Are Climate Challenges Reinforcing Child and Forced Marriage and Dowry as Adaptation Strategies in the Context of Bangladesh?

Citation:

Alston, Margaret, Kerri Whittenbury, Alex Haynes, and Naomi Godden. 2014. “Are Climate Challenges Reinforcing Child and Forced Marriage and Dowry as Adaptation Strategies in the Context of Bangladesh?” Women’s Studies International Forum 47 (November): 137–44.

Authors: Margaret Alston, Kerri Whittenbury, Alex Haynes, Naomi Godden

Annotation:

Summary:
This paper outlines the link between child and forced marriage, dowry and climate changes in Bangladesh. Drawing on a three year research study on the gendered impacts of climate change, we argue that climate crises are creating significant economic hardships. This has led to dowry being viewed by the families of young men as a form of capital accumulation. For the families of girls, dowry has become a significant burden, a burden that increases with the age of the girl. We argue that the economic crises created by climate challenges are leading to an increase in child and forced marriages because the dowry is cheaper. We conclude that attention to climate challenges must take a much broader focus on social consequences in order to protect the human rights of women and girls in vulnerable communities. (Summary from original source)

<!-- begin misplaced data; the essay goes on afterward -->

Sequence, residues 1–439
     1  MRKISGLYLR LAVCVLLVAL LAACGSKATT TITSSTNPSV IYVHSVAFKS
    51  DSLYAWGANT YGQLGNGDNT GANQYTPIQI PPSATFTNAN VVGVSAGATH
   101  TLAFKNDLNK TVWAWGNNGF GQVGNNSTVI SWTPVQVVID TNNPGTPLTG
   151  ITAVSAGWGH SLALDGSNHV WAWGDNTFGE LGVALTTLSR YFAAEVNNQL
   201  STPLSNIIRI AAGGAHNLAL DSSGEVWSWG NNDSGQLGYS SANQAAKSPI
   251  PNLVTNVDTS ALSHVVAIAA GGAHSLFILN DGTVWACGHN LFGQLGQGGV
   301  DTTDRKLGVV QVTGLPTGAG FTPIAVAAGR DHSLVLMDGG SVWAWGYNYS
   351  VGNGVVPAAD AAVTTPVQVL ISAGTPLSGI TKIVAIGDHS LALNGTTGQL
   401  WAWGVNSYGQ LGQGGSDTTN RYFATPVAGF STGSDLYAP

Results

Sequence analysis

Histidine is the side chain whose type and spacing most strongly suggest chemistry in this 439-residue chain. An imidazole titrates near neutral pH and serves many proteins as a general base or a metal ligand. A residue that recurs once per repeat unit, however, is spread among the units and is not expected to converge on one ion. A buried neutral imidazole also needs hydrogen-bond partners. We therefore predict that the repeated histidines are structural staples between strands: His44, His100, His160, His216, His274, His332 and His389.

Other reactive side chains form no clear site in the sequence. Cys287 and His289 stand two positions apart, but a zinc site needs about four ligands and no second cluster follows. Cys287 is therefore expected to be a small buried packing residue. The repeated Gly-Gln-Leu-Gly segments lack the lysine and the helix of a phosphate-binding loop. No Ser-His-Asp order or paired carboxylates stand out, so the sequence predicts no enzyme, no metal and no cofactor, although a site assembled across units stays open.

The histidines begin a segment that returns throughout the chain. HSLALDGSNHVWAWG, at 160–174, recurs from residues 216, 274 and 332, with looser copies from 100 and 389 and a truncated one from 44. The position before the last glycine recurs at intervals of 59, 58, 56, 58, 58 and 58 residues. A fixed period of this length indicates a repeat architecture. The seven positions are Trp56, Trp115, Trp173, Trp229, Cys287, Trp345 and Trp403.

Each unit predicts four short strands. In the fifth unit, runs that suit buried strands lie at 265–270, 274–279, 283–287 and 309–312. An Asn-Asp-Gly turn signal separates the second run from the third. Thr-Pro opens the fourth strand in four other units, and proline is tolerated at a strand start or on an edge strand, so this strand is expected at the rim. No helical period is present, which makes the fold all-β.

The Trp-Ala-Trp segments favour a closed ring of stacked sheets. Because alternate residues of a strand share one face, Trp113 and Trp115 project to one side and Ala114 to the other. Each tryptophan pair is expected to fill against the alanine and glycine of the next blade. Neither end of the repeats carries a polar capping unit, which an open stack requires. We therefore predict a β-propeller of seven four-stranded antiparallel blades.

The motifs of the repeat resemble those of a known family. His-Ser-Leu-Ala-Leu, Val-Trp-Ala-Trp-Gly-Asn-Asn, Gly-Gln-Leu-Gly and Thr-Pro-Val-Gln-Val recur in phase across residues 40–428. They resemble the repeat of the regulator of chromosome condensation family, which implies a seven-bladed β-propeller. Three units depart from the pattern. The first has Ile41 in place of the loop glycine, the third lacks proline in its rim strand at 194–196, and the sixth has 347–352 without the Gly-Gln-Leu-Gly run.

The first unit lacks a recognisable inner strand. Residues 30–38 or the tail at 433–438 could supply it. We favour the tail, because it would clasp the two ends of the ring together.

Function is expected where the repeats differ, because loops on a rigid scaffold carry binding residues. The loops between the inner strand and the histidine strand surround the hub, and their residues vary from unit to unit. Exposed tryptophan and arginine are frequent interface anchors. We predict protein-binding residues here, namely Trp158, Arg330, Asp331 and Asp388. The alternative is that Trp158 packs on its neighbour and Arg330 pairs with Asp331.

Topics: Economies, Environment, Climate Change, Gender, Rights, Human Rights, Women's Rights Regions: Asia, South Asia Countries: Bangladesh

Year: 2014

© 2019 CONSORTIUM ON GENDER, SECURITY & HUMAN RIGHTSLEGAL STATEMENT All photographs used on this site, and any materials posted on it, are the property of their respective owners, and are used by permission. Photographs: The images used on the site may not be downloaded, used, or reproduced in any way without the permission of the owner of the image. Materials: Visitors to the site are welcome to peruse the materials posted for their own research or for educational purposes. These materials, whether the property of the Consortium or of another, may only be reproduced with the permission of the owner of the material. This website contains copyrighted materials. The Consortium believes that any use of copyrighted material on this site is both permissive and in accordance with the Fair Use doctrine of 17 U.S.C. § 107. If, however, you believe that your intellectual property rights have been violated, please contact the Consortium at info@genderandsecurity.org.